- Notably, the court stated that if the landlord “had allowed Caffé Nero to use the leased premises for other purposes not barred by government order, then the fact that Caffé Nero’s intended use was frustrated might not have discharged its obligation to pay rent.”
- The court found that the force majeure provision addressed the risk that performance may become impossible but did “not address the distinct risk that the performance could still be possible even while the main purpose of the Lease is frustrated by events not in the parties’ control.”
The Inland Commercial Case and Others Reject Caffé Nero
The landlord entered into a lease with ASA EWC (EWC) for the operation of a “European Wax Center.” On March 23, 2020, the Massachusetts Governor issued an order closing the physical workplaces of all nonessential businesses, but on June 19, 2020, the governor issued an order allowing businesses like the tenant’s to reopen. EWC resumed its in-person operations in July 2020, but did not make any rent payments from March through September 2020. The landlord issued a notice to quit if no payment was made, and EWC made only one payment, which was for September 2020. The landlord then sent another notice terminating EWC’s tenancy, but EWC remained at the premises without paying rent through the trial in September 2021.
Unlike the trial court in Caffé Nero, the Massachusetts Appeals Court found that the temporary shutdown was not a valid frustration of purpose defense, stating that “[i]n the context of the COVID-19 pandemic, the vast majority of courts to have considered frustration of purpose have declined to apply the doctrine to temporary business closures caused by government orders.” As mentioned earlier, the appeals court disposed of the “contrary” Caffé Nero decision by simply noting in a footnote that it was “not binding precedent.”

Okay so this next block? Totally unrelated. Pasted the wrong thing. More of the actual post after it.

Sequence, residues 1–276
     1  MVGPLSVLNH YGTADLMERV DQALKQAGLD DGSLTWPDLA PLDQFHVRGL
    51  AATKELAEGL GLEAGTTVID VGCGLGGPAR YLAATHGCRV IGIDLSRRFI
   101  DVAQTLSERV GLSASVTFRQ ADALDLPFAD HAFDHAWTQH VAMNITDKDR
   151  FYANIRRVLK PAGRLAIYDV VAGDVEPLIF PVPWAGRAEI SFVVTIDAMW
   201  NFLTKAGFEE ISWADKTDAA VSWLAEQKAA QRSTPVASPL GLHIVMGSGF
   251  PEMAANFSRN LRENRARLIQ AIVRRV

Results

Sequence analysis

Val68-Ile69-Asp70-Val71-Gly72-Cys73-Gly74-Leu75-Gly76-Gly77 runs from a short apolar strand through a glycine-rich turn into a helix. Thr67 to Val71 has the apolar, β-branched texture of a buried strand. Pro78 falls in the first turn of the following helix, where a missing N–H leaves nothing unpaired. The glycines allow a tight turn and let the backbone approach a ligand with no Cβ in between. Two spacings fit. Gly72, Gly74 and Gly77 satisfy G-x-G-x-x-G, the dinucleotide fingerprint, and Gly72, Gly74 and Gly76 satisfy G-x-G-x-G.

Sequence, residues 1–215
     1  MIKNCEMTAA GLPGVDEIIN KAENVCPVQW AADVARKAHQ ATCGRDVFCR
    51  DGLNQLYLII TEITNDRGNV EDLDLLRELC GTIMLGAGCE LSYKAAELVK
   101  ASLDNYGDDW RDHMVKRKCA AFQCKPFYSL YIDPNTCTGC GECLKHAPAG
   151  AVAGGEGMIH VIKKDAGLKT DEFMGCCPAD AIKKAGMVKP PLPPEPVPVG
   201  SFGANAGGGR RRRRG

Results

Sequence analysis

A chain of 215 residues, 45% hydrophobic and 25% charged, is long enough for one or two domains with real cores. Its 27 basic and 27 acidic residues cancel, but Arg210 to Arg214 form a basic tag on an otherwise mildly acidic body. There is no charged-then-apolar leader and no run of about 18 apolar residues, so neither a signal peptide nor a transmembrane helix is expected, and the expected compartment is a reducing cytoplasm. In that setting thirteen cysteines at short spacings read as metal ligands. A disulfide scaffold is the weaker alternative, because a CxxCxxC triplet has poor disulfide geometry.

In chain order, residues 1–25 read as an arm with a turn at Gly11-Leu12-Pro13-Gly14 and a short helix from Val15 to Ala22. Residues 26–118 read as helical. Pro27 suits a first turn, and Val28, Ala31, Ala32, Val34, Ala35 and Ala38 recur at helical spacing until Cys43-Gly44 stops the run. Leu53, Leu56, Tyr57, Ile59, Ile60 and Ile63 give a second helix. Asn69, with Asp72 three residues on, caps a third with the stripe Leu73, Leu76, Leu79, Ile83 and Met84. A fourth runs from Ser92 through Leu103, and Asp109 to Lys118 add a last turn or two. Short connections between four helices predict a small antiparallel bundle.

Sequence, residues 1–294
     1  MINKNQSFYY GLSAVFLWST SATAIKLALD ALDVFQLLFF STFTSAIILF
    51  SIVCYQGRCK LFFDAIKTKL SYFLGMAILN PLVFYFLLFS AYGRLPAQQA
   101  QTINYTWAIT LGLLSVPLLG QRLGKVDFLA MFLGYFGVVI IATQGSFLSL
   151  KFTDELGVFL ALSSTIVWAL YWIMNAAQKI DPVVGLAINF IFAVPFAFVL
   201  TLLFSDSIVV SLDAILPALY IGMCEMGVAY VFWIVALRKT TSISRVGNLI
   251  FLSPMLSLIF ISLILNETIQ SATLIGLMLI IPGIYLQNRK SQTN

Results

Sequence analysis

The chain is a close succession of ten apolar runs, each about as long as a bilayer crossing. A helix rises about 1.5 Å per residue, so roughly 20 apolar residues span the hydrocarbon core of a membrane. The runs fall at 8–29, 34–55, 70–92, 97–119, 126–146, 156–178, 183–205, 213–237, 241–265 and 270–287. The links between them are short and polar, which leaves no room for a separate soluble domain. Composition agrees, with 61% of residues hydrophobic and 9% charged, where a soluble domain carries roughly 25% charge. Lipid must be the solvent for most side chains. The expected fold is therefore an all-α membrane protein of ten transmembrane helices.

The court found that in the factual circumstances of the Inland case, EWC failed to show the temporary closure “substantially frustrated the principal purpose of the lease” for three reasons: (1) EWC was already over three years into the 10-year lease; (2) EWC was forced to close its in-person operations for three months, a relatively short time compared to the over-all lease term; and (3) EWC remained in possession of the premises and had the ability to sell some goods. The Court concluded that “[b]ecause the closure was temporary and occurred well into the lease term, and EWC was able to resume operations soon after, EWC has not established that the purpose of the lease was so frustrated that the transaction between the parties ‘make[s] little sense.’”